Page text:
In the picture on the right the network is composed of ‘nodes’ and the relationships between nodes are called ‘edges’. In the talk, Professor Basset goes on to exemplify the network model with the brain as an example, where neurons are the nodes and the edges are the connections between them.

The picture on the left is taken from the DEFRA Hedgerow Survey Handbook which shows that ‘nodes’ is the term used to define  the point where hedges connect.

Purposeful design on the part of the hedgerow survey team or a coincidence of language?

What further intrigues me is that in the network model the nodes are the ‘things’ and edges are relationships between them. In a hedge network the edges/hedges are the ‘things’ and the nodes emerge because of the connections between them.

 

A major frustration to putting on any outdoor workshops this time of year is the inclemency of the weather. The site where we held our first spoon-carving workshop in September last year  is now under a thin blanket of snow (which is thickening even as i write!) and the temperature with wind chill is  -4 0C. Not great for the fine-motor skills needed for whittling!

However, the Crandall family, owners of Mount Wolfe Farm, have come to the rescue of the Caledon chapter of the fledgling Ontario Rural Skills Network (ORSN). On the ground level of the bank barn at the farm, Seymour Arnold Crandall (aka SAC or just Arnold) carved out a space for a workshop. “Poppa’s” workshop hasn’t really been used as a workspace since 2000 and is a treasure trove of timeless tools and a miscellany of assorted wonders, bric-a-brac, and curiosities – a testimony to his love of collecting.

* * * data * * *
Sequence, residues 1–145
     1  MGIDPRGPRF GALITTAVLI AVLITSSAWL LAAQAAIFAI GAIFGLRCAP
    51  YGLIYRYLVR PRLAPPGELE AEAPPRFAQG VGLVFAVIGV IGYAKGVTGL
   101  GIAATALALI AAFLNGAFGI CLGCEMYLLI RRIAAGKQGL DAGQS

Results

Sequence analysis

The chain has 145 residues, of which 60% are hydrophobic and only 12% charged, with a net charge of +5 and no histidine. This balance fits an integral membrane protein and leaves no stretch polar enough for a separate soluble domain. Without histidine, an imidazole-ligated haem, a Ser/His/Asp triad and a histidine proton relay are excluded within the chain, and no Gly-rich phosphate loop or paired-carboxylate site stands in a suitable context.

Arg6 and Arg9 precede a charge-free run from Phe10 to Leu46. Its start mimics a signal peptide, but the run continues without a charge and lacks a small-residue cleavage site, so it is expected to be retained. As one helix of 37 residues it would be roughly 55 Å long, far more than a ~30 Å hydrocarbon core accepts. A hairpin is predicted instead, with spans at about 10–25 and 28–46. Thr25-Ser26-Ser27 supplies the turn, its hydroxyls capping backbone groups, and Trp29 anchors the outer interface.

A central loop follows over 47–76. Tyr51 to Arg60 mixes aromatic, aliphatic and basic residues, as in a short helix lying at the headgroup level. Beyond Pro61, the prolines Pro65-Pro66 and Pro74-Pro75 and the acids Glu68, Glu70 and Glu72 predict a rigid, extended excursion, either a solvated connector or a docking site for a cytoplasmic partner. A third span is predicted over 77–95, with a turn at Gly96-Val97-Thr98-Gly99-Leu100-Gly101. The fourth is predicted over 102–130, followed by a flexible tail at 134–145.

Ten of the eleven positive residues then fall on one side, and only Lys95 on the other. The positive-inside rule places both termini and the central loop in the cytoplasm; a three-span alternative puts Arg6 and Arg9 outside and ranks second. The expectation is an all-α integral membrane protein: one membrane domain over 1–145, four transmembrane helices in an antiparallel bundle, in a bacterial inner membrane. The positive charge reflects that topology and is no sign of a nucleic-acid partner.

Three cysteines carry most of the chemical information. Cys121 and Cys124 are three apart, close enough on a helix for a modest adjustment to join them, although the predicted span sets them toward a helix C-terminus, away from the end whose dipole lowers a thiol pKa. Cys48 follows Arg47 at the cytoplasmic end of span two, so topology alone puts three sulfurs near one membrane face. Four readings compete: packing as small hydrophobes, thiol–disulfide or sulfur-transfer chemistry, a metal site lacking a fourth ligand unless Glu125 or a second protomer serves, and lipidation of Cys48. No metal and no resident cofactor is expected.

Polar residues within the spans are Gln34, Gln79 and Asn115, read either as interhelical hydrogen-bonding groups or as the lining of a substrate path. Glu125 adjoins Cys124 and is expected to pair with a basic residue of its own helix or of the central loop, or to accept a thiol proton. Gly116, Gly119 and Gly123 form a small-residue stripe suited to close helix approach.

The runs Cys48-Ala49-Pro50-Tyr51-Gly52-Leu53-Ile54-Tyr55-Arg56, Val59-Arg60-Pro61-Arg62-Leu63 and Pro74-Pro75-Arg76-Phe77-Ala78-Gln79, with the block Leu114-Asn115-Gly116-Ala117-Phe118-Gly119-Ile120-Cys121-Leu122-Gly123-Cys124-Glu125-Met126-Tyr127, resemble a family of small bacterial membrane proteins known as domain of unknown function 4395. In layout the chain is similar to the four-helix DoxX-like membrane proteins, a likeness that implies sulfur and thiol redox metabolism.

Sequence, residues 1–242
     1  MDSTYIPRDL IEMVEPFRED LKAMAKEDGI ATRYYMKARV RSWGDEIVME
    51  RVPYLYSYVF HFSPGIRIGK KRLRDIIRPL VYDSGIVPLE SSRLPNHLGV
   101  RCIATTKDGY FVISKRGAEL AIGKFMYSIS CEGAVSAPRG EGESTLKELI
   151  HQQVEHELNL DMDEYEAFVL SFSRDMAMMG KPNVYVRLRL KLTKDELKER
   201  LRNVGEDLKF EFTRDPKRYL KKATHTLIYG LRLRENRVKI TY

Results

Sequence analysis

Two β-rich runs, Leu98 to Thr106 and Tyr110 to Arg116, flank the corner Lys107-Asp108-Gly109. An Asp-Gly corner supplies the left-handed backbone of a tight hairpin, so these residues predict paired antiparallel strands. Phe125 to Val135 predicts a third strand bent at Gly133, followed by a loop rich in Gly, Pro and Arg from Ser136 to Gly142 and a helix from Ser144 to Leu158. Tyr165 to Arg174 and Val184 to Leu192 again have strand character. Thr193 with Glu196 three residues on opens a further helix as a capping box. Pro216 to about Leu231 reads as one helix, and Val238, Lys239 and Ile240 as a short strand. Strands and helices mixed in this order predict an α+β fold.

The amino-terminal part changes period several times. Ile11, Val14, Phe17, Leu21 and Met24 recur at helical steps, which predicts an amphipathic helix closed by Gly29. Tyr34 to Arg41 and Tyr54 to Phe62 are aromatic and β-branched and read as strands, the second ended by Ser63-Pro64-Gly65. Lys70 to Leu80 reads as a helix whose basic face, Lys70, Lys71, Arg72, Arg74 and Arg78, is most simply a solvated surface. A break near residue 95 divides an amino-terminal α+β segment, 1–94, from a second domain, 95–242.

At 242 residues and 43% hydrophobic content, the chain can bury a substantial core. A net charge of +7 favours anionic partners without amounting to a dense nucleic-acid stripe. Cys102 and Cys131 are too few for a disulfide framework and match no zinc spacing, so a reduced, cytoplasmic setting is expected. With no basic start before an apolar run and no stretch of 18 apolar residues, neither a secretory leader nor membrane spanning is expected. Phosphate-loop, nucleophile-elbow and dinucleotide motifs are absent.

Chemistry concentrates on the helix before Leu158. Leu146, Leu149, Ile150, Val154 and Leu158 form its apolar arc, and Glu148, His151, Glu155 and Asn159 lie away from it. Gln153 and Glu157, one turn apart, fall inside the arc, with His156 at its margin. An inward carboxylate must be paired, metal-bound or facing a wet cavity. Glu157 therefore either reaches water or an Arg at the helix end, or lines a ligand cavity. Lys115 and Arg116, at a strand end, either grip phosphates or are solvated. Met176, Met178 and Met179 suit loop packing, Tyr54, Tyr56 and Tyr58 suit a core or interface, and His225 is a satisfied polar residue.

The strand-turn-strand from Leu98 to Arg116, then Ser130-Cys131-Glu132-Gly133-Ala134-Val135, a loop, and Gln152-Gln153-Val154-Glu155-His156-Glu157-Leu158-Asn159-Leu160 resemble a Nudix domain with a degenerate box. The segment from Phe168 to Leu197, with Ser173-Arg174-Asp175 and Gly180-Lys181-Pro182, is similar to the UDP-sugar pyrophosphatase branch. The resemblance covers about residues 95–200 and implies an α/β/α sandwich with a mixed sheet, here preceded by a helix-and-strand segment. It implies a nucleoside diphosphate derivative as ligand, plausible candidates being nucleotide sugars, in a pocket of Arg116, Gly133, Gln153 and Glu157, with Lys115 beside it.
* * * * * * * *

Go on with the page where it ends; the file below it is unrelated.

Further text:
With a bit of tidying and sorting there is space for a small group of spoon-carvers, and even a lathe to practice on until I can build the pole-lathes that we will use in the outdoor setting.

Arnold Crandall was passionate about woodworking and the Crandall sisters think their dad would be tickled pink to see life in the workshop again.

Sign up for one of winter/spring workshops on the ORSN website here and come and see what the place looks like!

Happy New Year! I hope your festive season was restful and rejuvenating!

I have written an article on hedgerows and hedgelaying for Small Farm Canada Magazine which is aimed at the those with little knowledge of both. The article is designed to tie in with my work at the University of Waterloo on the SSHRC-funded Hedgelaying In The Ontario Landscape Project which you can read about here . You can also find posts on the project by searching with #HedgeCanada on my blog.

I hope you enjoy the article- do let me know what you think. I would be especially pleased to hear form anyone in Canada with experience of or interest in hedgerows and hedgerow management, particularly hedgelaying.

The Traditional Farm Hedgerow- Your Undiscovered Ally (Small Farm Canada)

My thanks to Tom Henry of Small Farm Canada/Southern Tip Publishing Plc and to Nigel Adams for advice and photos.

Happy reading!

Jim